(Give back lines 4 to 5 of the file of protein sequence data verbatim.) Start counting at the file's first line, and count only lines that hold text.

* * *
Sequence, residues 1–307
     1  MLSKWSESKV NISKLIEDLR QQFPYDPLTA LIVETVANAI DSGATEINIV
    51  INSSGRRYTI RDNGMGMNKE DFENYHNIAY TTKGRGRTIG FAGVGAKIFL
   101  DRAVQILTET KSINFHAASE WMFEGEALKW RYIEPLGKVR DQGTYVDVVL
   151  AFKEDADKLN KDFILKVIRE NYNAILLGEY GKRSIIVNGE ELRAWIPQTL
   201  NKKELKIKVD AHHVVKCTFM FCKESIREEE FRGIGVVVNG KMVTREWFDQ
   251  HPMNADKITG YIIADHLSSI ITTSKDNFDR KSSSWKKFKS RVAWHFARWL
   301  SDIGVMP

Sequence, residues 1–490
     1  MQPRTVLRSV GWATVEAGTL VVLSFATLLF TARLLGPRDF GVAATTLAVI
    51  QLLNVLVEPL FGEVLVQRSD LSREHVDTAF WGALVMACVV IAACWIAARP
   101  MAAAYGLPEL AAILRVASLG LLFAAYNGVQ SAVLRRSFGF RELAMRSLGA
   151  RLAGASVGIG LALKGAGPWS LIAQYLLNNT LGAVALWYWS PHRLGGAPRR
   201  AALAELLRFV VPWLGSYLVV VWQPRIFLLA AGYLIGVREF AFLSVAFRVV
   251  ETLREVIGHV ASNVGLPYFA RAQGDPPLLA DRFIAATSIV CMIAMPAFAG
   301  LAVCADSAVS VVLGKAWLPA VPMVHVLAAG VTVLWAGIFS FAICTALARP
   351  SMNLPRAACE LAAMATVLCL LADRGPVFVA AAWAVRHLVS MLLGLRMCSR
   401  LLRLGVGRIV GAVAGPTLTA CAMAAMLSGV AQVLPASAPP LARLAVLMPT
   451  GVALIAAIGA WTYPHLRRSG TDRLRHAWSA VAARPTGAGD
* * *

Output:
   101  DRAVQILTET KSINFHAASE WMFEGEALKW RYIEPLGKVR DQGTYVDVVL
   151  AFKEDADKLN KDFILKVIRE NYNAILLGEY GKRSIIVNGE ELRAWIPQTL